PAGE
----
[Editor's Note: The Following was an article written 6/7/12 following the Home Run Derby. The research is still sound, but it is interesting to see how different the thoughts on the Rangers outlook is just one year ago]
How bout your Texas Rangers folks? What a wonderful exhibition of baseball we have been witness to over the last month. Note the hint of sarcasm.
Well I will attempt to distract you for the next few minutes with a quasi-scientific study of the effects of participating in the Home Run Derby on the second half performance of the sluggers who take place in the Chris Berman love fest.
Josh Hamilton made a little news by announcing that he would not participate in the Derby yet again.
In the grand scheme of things this announcement means nothing more than you the fans won't get a chance to see Hambone follow up on his amazing 2008 performance.
In fairness to Hamilton, there is absolutely no way that you could expect that he would repeat that phenomenal feat if he were to participate again. That being said, I have always wondered if there is any statistical evidence to back up his stated reason for not participating.
Josh feels that participating in the Derby could have a negative effect on his second half performance or even lead to injury. While it's hard to question how a player feels mentally about participating in something as fluff as the Derby, I did decide to take a look at if players have a drop off in their post-Derby performance or are more prone to injury.
I went back as far as 1997, and looked at the two sluggers who made it to the final round. Prior to '97 the records I could find got a little sketchy, and I figured 15 years was a fairly nice sample size.
The first thing I will note is that I could not find or do not recall from my watching of the Derby each year (yes, I am a sucker for the event) any player ever injuring themselves in the actual event. I also found that only three of the players I looked at spent time on the DL in the second half of the season, and none of those injuries appeared to be related to their participation in the Derby.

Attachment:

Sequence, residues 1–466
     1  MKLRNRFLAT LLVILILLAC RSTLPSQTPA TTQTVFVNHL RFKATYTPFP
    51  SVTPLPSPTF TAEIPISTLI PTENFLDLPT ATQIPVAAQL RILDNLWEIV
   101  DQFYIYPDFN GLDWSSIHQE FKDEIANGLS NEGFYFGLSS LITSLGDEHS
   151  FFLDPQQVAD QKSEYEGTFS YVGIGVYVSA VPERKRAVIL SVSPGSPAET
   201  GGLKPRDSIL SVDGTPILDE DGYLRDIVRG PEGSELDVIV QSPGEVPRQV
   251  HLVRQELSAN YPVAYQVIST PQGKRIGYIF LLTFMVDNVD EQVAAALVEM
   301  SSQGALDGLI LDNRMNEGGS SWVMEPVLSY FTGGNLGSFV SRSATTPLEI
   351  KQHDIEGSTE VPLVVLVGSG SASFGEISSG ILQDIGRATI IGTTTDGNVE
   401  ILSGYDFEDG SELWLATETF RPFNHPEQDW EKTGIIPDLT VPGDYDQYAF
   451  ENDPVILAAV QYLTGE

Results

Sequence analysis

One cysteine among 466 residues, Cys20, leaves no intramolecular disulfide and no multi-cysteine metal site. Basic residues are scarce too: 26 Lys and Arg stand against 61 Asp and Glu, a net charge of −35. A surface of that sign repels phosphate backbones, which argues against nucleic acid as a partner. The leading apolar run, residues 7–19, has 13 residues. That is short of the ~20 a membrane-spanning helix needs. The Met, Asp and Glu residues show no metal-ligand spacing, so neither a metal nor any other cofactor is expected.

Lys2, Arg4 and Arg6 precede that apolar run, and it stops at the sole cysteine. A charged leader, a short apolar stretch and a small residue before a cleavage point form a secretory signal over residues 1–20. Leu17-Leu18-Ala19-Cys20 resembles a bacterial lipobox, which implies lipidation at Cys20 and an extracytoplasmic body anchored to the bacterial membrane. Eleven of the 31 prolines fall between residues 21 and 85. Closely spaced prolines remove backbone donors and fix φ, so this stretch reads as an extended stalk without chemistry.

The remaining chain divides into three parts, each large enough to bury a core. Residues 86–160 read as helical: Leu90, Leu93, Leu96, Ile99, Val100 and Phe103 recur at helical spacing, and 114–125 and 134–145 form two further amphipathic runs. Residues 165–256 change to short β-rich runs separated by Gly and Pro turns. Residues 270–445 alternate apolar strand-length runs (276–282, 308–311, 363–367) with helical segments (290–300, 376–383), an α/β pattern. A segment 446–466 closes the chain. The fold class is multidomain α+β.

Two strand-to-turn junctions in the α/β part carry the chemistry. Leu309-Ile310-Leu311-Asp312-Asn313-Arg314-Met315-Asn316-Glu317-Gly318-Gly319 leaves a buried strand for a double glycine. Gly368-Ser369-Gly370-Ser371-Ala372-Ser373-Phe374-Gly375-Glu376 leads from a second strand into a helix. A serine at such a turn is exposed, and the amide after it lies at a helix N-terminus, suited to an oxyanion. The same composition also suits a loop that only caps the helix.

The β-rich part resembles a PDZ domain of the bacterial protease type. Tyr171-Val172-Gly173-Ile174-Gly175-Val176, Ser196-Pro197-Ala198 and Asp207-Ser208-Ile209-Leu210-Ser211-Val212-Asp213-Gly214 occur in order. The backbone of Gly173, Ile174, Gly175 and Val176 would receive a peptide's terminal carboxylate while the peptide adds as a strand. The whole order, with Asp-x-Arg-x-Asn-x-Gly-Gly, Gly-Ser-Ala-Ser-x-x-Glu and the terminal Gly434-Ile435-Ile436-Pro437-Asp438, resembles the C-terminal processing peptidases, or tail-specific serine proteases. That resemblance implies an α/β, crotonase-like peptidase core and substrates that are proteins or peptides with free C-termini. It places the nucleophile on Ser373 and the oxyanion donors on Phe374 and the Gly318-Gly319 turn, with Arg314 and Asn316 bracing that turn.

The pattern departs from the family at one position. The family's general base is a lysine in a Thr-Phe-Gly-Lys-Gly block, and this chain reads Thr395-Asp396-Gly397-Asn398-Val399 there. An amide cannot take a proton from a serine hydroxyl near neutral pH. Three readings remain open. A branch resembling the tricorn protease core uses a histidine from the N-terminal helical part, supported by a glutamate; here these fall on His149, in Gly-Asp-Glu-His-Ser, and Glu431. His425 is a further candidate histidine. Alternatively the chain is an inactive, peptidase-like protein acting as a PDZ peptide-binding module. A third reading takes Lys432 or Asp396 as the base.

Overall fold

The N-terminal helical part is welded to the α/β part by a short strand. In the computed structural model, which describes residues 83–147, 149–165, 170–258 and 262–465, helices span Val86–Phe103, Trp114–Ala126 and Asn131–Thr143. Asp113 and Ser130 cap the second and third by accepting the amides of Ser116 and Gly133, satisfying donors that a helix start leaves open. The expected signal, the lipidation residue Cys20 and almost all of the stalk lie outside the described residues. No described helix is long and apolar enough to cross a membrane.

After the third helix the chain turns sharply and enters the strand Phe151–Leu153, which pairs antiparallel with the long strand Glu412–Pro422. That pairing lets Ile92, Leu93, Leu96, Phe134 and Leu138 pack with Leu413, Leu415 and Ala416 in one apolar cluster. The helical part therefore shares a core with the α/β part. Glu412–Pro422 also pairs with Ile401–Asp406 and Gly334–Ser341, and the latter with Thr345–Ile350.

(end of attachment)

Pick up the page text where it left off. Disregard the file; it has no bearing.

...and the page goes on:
I looked at the performance of the players in batting average and AB per home run in the first and second half of the season (as determined by the All-Star Break). I'm sure you could dig deeper, but to me this seemed like the two things that would show a negative effect due to a player getting out of rhythm with his swing.
You can see my breakdown of the number here.
In short, the top two finalists in the derby hit .310 with a home run every 14.8 AB prior to participating in the Derby. In the second half of the season, those players .298 with a home run every 16.5 AB coming off of their appearance in the Derby.
Is that data evidence of a significant drop off in performance due to a player swinging for the fences? I don't see it.
Keep in mind that over 162 game season players will tend to see a drop in performance as the season progresses. It's just human nature, and I would think that that would account for the drop off in the numbers more than anything else.
I will note that Hamilton went from hitting .310 with a homer every 18 AB to .296 with a homer every 22.5 AB in the year that he took place. While I don't see the overall evidence to support that the Derby has a noticeable effect on second half performance, you can't discount how a player personally feels about it.
If Josh thinks that sitting out the event will help him and his team produce better results down the stretch, then I have no problem with it.
UPDATE FOR 2012 FINALISTS RESULTS:
- 1st Half BA - .299
- 2nd Half BA - .331
- 1st Half AB per HR - 21.4
- 2nd Half AB per HR - 17.3
- Missed almost all in the 2nd half after injuring his wrist on July 16th on a swing in the 8th inning of a game against the Yankees. The injury was not linked to any All Star activities, although it occurred only a week after the Derby took place.